Colin D Ellis
Leadership | Culture | Success

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There's No Such Thing As A 'Best Practice' Project Method

The processes that work for company A will not work for company B.

The approvals that company A needs aren’t the approvals that company B needs.

The project manager in company A does different things to the project manager in company B.

The project managers in company B will manage the budget, the project managers in company A won’t.

The paperwork used to capture the project plan is different in company A and company B.

Neither company A nor company B (or company C, for that matter) does all project meetings well, regardless of what they’re called (e.g. governance, stand-up, team).

Project reporting in company A is more comprehensive than company B.

The project sponsors in company A have more on their plate than company B.

Risk management will be a problem in company A and company B.

Implementing paperwork and audit trails only adds value to company A and company B if it’s required in the first place and improves the quality of project delivery.

Auditors will find the holes in the methods of both company A and company B.

The methods that company A and company B implement today, will be out of date tomorrow.

The stakeholders don't care about methods – they just want their project delivered to their satisfaction.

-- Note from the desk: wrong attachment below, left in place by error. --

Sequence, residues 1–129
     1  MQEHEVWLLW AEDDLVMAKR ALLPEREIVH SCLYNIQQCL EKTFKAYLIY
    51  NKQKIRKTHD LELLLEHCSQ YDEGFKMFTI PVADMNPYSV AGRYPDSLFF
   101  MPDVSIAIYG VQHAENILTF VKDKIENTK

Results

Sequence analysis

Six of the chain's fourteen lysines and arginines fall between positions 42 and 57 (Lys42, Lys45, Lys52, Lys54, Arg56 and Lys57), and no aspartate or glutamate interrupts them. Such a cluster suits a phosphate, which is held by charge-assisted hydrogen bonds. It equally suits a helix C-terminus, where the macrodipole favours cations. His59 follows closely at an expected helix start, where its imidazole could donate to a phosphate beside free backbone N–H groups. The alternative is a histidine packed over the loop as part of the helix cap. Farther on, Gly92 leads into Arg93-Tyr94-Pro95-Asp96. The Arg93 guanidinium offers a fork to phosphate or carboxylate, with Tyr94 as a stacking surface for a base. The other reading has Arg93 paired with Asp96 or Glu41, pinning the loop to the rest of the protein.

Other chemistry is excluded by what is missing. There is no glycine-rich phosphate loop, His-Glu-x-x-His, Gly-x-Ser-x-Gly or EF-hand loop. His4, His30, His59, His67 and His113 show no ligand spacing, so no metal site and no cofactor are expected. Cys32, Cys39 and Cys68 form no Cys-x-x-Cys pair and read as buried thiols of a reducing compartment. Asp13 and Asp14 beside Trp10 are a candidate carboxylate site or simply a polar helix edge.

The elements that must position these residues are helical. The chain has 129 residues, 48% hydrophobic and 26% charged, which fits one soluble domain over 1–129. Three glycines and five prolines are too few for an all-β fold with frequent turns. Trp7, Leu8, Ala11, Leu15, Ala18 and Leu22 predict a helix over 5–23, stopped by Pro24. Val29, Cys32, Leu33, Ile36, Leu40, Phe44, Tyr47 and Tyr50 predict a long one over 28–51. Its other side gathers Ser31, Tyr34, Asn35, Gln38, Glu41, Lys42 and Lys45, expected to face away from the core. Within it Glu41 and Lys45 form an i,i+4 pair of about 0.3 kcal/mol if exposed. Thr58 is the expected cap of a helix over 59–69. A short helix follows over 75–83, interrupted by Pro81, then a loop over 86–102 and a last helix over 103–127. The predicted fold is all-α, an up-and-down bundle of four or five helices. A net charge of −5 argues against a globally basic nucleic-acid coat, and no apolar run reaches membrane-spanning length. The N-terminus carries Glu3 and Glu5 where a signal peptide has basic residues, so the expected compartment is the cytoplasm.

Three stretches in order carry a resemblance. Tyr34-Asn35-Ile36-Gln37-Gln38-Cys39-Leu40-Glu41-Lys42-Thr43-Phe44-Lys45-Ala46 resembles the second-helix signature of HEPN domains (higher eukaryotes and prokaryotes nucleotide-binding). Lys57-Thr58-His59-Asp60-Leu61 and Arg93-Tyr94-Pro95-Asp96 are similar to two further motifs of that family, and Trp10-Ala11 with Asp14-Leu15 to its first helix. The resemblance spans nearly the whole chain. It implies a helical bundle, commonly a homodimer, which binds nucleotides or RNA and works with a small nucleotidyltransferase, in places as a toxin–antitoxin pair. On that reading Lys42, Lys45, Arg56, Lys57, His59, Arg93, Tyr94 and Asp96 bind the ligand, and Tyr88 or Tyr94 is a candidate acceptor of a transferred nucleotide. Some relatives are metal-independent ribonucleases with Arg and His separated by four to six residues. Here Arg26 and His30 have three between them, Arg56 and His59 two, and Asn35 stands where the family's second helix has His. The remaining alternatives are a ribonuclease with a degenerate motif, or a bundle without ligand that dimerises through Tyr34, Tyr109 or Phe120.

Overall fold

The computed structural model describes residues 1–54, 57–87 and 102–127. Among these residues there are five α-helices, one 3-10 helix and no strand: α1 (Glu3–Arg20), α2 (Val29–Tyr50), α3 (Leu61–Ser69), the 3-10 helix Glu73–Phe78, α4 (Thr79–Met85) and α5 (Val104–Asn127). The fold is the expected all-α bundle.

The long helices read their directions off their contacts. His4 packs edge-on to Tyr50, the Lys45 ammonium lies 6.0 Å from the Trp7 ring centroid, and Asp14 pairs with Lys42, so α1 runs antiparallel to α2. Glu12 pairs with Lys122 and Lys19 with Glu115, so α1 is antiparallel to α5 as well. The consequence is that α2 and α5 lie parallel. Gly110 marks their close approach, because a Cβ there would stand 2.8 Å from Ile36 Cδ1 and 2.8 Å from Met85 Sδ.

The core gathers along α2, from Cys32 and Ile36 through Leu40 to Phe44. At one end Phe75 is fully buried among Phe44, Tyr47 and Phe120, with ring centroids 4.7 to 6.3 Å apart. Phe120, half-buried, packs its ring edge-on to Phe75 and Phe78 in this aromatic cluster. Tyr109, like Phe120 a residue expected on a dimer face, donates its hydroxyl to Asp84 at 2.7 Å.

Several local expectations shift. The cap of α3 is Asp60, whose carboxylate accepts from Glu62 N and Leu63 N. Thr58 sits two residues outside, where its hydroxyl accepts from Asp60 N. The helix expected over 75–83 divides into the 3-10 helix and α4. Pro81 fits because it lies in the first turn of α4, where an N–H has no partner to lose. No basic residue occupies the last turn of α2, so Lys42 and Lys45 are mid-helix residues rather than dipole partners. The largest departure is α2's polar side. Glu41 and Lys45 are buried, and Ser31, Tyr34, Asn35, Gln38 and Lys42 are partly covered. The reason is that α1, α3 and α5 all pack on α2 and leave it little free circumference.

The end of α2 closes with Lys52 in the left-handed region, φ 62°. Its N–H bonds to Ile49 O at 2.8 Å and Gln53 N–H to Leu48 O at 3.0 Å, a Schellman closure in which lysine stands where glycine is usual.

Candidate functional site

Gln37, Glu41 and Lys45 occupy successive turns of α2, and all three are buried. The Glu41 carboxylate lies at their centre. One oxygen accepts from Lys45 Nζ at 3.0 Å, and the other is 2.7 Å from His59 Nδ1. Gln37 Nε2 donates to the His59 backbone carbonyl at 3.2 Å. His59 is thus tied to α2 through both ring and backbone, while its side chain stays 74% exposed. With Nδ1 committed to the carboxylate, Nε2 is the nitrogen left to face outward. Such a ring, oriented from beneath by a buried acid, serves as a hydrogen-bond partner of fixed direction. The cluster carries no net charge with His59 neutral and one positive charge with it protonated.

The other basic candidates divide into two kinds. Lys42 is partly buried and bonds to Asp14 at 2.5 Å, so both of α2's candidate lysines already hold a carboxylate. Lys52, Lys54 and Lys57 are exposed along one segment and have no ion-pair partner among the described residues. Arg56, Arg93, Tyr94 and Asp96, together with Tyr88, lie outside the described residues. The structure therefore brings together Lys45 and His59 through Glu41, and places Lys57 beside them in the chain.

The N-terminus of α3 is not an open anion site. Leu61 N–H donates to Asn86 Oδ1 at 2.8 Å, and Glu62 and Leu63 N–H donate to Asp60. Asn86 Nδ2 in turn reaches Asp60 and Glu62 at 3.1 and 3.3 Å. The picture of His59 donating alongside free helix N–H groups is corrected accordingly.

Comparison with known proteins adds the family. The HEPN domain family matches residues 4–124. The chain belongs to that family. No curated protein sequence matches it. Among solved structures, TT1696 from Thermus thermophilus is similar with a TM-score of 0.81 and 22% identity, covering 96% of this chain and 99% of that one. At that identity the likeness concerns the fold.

‘Best practice’ will cost you money you will never see a return on.

There’s no such thing as a ‘best practice’ project method. Any method is only as good as how it’s applied by the people that use it, within the culture they work.

In the hands of inexperienced project managers a project method is avoided.

In the hands of administrators it’s a tool for procrastination.

In the hands of managers, it’s a weapon.

In the hands of team builders, it’s a tool for collaboration.

In the hands of leaders, it’s a guide for success.

In a stagnant project culture a project method is ignored.

In a pleasant project culture it’s ignored.

In a combatant project culture it’s ignored.

In a vibrant project culture it’s essential.

Stop searching for ‘best practice’ project methods and start investing in the best leaders.

They’ll display the best behaviours. They’ll create the best cultures. They’ll encourage others to be like them and deliver the best projects. The stakeholders will be happy all the time and the organisation will consistently evolve.

The only thing that should be best about your projects is your people. Take care of that and the methods will take care of themselves.

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